Our proposal reinterprets the traditional culture and way of living in Cambodia while satisfying the basic needs of residents in an economical and sustainable way.
Traditional Cambodian houses are typically raised on stilts so that main rooms are not affected by flooding. While the elevated floor is used as sleeping rooms, the ground level serves as a main living area and a working space. Our proposal for the new affordable housing aims to expand this building typology and inherit such a way of living in Cambodia.
The buildings accommodating 3,000 units in total are elevated 8 meters off the ground, freeing the ground to become a communal space for all the residents and neighbouring communities. The structure of the buildings are made up of precast concrete skeleton as a primary structure, and locally available materials such as brick, timber, and bamboo, as a secondary structure for each unit.
While the gridded buildings create an urban atmosphere, the ground is associated with rural natural landscape which migrant workers are familiar with. The landscape is made up of lush green and waterways, with special consideration to the continuity with the surrounding environment.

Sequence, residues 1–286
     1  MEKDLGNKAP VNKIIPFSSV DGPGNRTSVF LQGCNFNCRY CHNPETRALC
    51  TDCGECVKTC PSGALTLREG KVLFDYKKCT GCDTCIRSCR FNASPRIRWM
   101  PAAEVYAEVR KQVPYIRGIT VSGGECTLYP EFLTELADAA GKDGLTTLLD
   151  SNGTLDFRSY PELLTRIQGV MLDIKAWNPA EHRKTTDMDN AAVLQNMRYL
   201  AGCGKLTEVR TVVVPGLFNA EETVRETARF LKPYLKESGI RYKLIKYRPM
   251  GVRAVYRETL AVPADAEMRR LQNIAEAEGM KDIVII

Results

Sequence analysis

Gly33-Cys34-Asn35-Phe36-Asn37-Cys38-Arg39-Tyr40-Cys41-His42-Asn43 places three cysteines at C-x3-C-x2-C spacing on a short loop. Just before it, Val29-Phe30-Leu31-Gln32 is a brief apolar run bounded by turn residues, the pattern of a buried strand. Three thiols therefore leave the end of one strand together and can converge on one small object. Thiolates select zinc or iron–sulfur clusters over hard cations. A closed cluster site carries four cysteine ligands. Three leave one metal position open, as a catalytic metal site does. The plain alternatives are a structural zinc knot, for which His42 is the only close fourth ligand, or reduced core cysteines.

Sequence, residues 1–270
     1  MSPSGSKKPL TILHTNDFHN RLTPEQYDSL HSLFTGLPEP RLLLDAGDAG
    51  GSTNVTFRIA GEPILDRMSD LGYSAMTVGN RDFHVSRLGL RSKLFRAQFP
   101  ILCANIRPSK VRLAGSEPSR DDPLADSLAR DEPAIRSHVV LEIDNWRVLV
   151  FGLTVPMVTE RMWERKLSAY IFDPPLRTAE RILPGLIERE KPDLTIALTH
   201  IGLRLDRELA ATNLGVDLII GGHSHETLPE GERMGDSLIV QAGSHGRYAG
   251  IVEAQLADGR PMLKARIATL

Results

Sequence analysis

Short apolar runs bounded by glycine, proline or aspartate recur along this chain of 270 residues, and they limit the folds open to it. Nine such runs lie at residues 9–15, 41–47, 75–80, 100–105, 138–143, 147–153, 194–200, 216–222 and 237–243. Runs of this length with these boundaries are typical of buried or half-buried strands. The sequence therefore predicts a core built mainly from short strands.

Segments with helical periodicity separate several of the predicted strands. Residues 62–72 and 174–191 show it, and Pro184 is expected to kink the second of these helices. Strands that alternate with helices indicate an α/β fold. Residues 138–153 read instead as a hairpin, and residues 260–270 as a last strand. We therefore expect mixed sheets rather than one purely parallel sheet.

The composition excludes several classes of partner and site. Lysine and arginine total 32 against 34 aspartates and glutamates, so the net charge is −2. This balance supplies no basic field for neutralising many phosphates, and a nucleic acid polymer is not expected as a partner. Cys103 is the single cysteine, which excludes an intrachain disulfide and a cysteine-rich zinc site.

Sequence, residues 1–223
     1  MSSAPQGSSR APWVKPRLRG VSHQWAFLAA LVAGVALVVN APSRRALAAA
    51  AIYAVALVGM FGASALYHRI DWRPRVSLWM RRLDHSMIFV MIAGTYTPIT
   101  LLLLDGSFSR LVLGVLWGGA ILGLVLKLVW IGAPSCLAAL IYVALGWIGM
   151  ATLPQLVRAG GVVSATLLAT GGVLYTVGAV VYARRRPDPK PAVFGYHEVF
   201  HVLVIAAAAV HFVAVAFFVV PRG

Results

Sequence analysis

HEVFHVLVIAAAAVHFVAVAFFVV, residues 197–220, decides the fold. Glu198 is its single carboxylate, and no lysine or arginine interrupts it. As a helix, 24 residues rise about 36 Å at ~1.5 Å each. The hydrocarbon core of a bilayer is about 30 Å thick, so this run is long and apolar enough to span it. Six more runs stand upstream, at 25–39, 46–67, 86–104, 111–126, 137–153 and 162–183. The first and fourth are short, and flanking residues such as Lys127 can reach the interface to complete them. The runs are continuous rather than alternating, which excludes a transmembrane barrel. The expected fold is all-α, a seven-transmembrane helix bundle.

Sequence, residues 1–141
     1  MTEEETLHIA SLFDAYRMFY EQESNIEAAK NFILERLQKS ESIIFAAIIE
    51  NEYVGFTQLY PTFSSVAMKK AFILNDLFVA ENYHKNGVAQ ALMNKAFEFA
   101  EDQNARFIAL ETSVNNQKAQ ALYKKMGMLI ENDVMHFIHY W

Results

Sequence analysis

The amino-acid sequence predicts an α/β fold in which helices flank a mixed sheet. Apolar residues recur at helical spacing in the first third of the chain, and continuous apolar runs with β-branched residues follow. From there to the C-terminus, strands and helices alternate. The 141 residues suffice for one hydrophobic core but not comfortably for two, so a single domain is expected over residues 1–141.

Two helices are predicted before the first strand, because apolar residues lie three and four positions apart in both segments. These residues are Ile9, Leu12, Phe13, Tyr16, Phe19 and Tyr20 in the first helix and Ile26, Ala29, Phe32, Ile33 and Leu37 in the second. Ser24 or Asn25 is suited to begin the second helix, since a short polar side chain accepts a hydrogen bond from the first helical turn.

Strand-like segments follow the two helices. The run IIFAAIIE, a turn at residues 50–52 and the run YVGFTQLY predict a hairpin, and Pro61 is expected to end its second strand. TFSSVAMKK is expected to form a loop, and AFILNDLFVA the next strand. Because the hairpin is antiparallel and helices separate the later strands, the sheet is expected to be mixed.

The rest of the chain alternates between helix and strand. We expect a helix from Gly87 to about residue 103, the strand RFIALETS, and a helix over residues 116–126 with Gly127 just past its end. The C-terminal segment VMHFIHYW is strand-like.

Because the buildings and the ground are designed with different logics (grid form and organic form), and overlap with each other, they can have various relationships instead of uniform ones, resulting in creating a variety of places on the site.
Here, the city and nature are not opposed, but coexist, just in the traditional way of living in Cambodia.